Podcasts I quite enjoy listening to as I find them so informative and I like the wide variety of podcasts that are out there. There is such a wide variety of podcasts out there on a wide verity of genres, for documentaries, educational, mini fiction series, current affairs and chatty style podcasts and everything in between! There really is a podcast for everyone.

I get my podcasts from BBC Sounds and Apple Podcasts and currently I'm subscribed to Audible so there's podcasts on there too.

An adults hand colouring an image

Colouring is a good low key energy as you can break the activity down and just spend small amounts of time and finish the image bit-by-it. There's also such a wide range of colouring books out there; some with more complex images than others. You can also get colour-in stickers or postcards.

Activity books

There's a wide range of activity books out there from word search books, criss cross, sudoko to more creative activity books like sticker-by-numbers. Like colouring you can break the activity down and just do one word search puzzle or part of a sticker-by-numbers image. 

A man's hand wearing a long sleeve striped top working on a jigsaw puzzle on a wooden table top
Jigsaw puzzles

If you're able to jigsaw puzzles are a great low level activity and like with some of the other activities mentioned above you can slowly work on jigsaw puzzles until it is completed. You can also get a range of difficulties from 100 piece jigsaw puzzle to ones with 1,000 pieces.

I'd recommend to start small and to work your way up. If you find you enjoy jigsaw puzzles it might be worth getting a puzzle board so you can store the jigsaw puzzle you're in the middle of working on.


I would personally consider Pinterest a low level activity. You can build boards on different topics based on your interests. One activity I'd defiantly recommend doing on Pinterest is building your dream home with no limitations or restrictions. As a suggestion you can create your 'Dream Home' board and have a section for each room of your dream home and you can spend ages designing all the things you'd love to have.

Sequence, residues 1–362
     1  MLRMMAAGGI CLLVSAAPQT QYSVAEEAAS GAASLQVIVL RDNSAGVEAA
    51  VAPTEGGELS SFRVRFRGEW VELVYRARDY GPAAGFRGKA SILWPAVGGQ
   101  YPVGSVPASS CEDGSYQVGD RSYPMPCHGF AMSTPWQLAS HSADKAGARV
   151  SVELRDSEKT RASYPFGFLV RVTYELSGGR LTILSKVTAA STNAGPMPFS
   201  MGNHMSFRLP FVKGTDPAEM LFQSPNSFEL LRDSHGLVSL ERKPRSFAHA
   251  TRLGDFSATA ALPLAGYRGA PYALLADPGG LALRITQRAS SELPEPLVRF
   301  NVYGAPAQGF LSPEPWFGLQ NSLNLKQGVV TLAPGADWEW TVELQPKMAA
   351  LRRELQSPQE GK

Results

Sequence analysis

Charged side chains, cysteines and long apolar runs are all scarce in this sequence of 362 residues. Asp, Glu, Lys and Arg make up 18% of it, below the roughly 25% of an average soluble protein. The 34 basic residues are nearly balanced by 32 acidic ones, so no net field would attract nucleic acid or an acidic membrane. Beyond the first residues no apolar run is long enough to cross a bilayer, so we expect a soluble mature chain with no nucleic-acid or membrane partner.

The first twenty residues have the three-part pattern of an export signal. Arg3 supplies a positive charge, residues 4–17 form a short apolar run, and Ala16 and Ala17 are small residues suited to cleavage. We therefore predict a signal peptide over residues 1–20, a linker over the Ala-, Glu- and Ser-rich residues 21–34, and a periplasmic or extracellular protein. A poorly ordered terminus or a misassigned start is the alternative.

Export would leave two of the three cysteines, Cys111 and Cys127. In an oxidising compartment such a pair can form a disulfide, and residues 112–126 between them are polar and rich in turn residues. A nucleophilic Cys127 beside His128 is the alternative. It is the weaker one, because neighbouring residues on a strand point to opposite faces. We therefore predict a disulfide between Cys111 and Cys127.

Tuesday 7 December 2021

Book review: 'The Secret Midwife'

Image of a book cover. The background is of a caucasian woman in scrubs with her hair up. Text reads 'The Secret Midwife: Life, death and the truth about birth'.

Rating: ⭐️⭐️⭐️⭐️

I thoroughly loved this book and it was something different to my usual genre of book and I'm intrigued to listen to more memoir/confessional books.

The book is written by a midwife who remained anonymous and she shared in her book in a chronological fashion. At 17 she didn't know where to take her life and then went on a midwifery taster course and loved it and she knew then that that was her vocation. At 17 she started her 3 year midwifery diploma. She took the reader through her training as a midwife until she qualified and proudly put on her blue dress for her first shift as a qualified midwife. 

The book followed the highs and lows of her career and she went into such detail including the medical aspects and I learnt so much about the role midwives play and all the complications that can happen. As well as that she also shared her person life; how she broke off a long term relationship and then found her husband and their relationship and life together, her miscarriage of her first baby and then the birth of her daughter. 

In the book she also shared the changes of her role as an NHS worker as the years passed by. The way management changed, new protocols and changes to NICE guidelines and work practices. As well as this she also spoke of how it was like to work for the NHS and the strain on resources, lack of support in certain areas such as giving evidence in court and chronic staff shortages. In the book the author shared how this ultimately lead her to having a mental breakdown and having time off work due to anxiety and depression.

Each book touched on different topics and themes of the job such as her midwifery training, baby loss, mental health in motherhood, babies born in corridors and in toilets, Dad's delivering their baby as there was no time to get to the hospital, birthing complications, surrogate women, different cultures and how this affects the delivery of a baby among many other things.

It was a totally different book to the ones I've been listening to for quite a while now and I throughly loved this book and I've already sought out similar books. I learnt a lot about the role a midwife, what they do and so much more. That whole side of healthcare I'd never given much thought to and I now admire the complex role midwives play within the NHS. 

As I listened to the book I followed the highs and lows of the different men and women the author featured in the book. There where funny moments and more somber elements. It's a book I would defiantly recommend.